A few important use-cases are heavily guided the design of the Packet framework of ns:
- New types of packet headers or trailers are introduced in Ns3 packet to avoid changing the core of the simulator.
- The ease of integration with real-world code and systems are maximized by the Ns3 packet.
- The fragmentation, defragmentation, and, concatenation are easily supported by the Ns3 packet. Especially in wireless systems these are very important concept.
- This Ns3 packet object is efficiently made the memory management.
- For emulated applications the actual application data or dummy application bytes are allowed.
Ns3 packet design
The multiple references are used to the Ns3 packet object. And only so-called “dirty” operations will trigger a deep copy of the packet which is one of the operations of Ns3 packet:
- both versions of ns3::Packet::AddAtEnd()
The Ns3 packet headers are more common component of packets and the buffer should store the class header and the class trailer which are the main parts of the Ns3 packet.
The class Header and class Trailer are the fundamental classes for adding to and removing from the byte buffer. But largely the below discussion also applies to protocols using trailers and the Ns3 packet headers are more common. From a Packet instance every protocol header that needs to be inserted and removed. And it is derived from the abstract Header base class and the private pure virtual methods are also implemented by it. The pure virtual methods are listed below:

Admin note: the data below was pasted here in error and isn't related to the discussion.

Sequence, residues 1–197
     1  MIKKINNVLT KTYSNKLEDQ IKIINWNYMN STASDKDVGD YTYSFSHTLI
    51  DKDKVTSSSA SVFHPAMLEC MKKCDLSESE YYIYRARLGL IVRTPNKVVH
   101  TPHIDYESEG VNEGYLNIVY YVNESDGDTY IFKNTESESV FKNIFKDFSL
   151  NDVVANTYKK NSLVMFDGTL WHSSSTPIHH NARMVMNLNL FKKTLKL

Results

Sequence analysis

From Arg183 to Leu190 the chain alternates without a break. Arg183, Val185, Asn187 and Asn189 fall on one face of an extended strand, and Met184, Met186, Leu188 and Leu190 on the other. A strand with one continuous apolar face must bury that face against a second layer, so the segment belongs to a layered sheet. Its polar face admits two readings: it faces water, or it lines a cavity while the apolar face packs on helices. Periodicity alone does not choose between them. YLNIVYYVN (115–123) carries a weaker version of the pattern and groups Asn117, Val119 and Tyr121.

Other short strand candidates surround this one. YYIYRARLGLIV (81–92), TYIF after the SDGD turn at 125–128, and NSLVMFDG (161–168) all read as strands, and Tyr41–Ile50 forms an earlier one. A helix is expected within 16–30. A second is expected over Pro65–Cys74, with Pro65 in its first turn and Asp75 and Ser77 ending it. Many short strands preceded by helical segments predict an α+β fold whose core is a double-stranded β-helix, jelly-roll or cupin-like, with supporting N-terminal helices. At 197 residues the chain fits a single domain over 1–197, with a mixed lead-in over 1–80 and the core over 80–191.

Using the packet interface on Ns3 packet
This Ns3 packet using the packet interface section which describes how to create and use the ns3::Packet object.
Creating a new Ns3 packet
The new Ns3 packet with a new unique Id is created by the following command:
Ptr<Packet> pkt = Create<Packet> ();
What is the Uid (unique Id)? To identify packets that the system uses it and are done with the help of an internal id which is calles as Uid. The following method is used to fetch the Uid::uint32_t uid = pkt->GetUid ().
An accurate counter of how many “simulated packets” of a particular protocol are in the system cannot be counted by this uid and which is an internal. And the user should look at the Uid when a user wants to trace actual packet counts. For example an IP ID field or transport sequence numbers, or other packet or frame counters at other c.
The Ns3 packets with zero-filled payloads are created by the protocol layers which has all the possibilities. Actually a memory allocation (i.e., the packet may behave, when delays such as serialization or transmission delays are computed, to have a certain number of payload bytes, but the bytes will only be allocated on-demand when needed) is not required to the Ns3 packets. When the Ns3 packets is created:: Ptr<Packet> pkt = Create<Packet> (N) the command to do this is. Where N is represent as a positive integer. The core simulator changing is also possible in Ns3 packet.
The Ns3 packets can be verified by the GetSize() method::and now the packet has a size of N bytes.
* \returns the size in bytes of the packet (including the zero-filled
* initial payload)